My New Year’s resolution this year was to learn Spanish. I was all set: I signed up for a 10-week course, purchased some resources, downloaded some apps, and began the journey. I made some good progress at first, especially as a result of the classes, and even spent extra time while on the train each day going over lessons and learning vocabulary. Then I hit the wall. My class didn’t meet for a couple of weeks because the instructor took ill. My travel schedule interrupted my individual efforts to keep up. My interest and perseverance waned. Before long, I realized that I had fallen far short of my goal, and I was nowhere near being able to converse in Spanish.
The biggest problem, I realized, was that my Spanish was not being reinforced anywhere. I was not speaking it at home. I was not speaking it at work. I was not speaking it with friends. What was missing was an immersion experience. Experts say that the only true way to learn a new language is through an immersion experience in which learners spend at least 50% of their time learning the new language and using it in a meaningful, real-world way.
I couldn’t help but see the parallels to forming people in faith. It is simply not enough for us to hope that one hour a week will make someone fluent in the language of faith. What is needed is an immersion experience that enables fledgling disciples of Christ to spend a significant percentage of their time learning the language of the Gospel and using it in a meaningful, real-world way.
I think that the first step in making this immersion experience happen for young people is to ensure that the language of faith is being spoken at home. This means inviting parents and families to be intimately involved in faith formation. This is the logic and wisdom behind our Family Catechesis programs at Loyola Press. When parents spend time with their children on faith formation, it significantly increases the chances that the children will incorporate the language of faith into their own lives. It does little good for a child to learn the language of faith at religious education class when that language is not “spoken” anywhere else in their lives. For adults, this immersion must take the shape of participation in small faith groups and in ongoing experiences of works of mercy, prayer, and reflection shared with others. This is particularly why processes such as the RCIA need to be so much more than a weekly class. Unless the concepts are reinforced through an immersion experience, folks will have as much success incorporating the Catholic faith into their lives as I had learning Spanish this year.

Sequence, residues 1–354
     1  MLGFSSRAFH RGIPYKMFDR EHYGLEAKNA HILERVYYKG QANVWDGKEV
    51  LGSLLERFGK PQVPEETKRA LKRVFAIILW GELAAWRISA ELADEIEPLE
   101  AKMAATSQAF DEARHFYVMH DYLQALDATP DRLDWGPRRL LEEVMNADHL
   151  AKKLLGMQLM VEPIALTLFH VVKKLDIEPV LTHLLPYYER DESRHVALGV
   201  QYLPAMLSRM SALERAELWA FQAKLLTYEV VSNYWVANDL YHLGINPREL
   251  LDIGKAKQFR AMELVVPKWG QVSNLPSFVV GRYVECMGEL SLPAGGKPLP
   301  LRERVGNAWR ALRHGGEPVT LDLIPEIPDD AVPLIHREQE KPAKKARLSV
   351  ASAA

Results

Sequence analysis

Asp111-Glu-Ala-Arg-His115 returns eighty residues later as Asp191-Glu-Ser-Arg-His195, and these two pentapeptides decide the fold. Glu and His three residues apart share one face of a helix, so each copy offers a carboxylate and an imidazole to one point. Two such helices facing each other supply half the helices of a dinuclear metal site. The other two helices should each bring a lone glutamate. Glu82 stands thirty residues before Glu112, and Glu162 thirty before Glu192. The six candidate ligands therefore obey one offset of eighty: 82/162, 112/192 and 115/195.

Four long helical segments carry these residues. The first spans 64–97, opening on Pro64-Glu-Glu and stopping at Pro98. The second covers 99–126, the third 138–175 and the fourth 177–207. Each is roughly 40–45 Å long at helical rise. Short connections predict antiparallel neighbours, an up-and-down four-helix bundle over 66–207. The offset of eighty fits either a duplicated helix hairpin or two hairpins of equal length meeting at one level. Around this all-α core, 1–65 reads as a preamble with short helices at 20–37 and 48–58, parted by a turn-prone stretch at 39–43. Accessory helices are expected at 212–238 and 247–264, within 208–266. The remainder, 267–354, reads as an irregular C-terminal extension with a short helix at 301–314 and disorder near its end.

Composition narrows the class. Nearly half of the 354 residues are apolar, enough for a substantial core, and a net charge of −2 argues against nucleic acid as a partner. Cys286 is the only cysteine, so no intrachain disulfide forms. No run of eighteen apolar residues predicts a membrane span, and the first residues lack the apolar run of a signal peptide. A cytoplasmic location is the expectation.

In my new book, Living the Sacraments: Finding God at the Intersection of Heaven and Earth, I remind readers that the word baptism literally means to “dip,” “dunk,” “plunge,” or, to be more sophisticated, to “immerse” for the purpose of saturating or, better yet, marinating—a process in which one substance deeply penetrates another. In Baptism, we are immersed in Christ—dipped, dunked, and plunged into the waters of Christ’s Death and Resurrection—to be saturated or marinated in the deeply penetrating spirit of Jesus. Right now, too many of our faith formation efforts (from child formation through RCIA and adult faith formation) never get past dipping one’s toe into shallow waters when we need to be escorting people to the deep end of the pool and inviting them to dive in!
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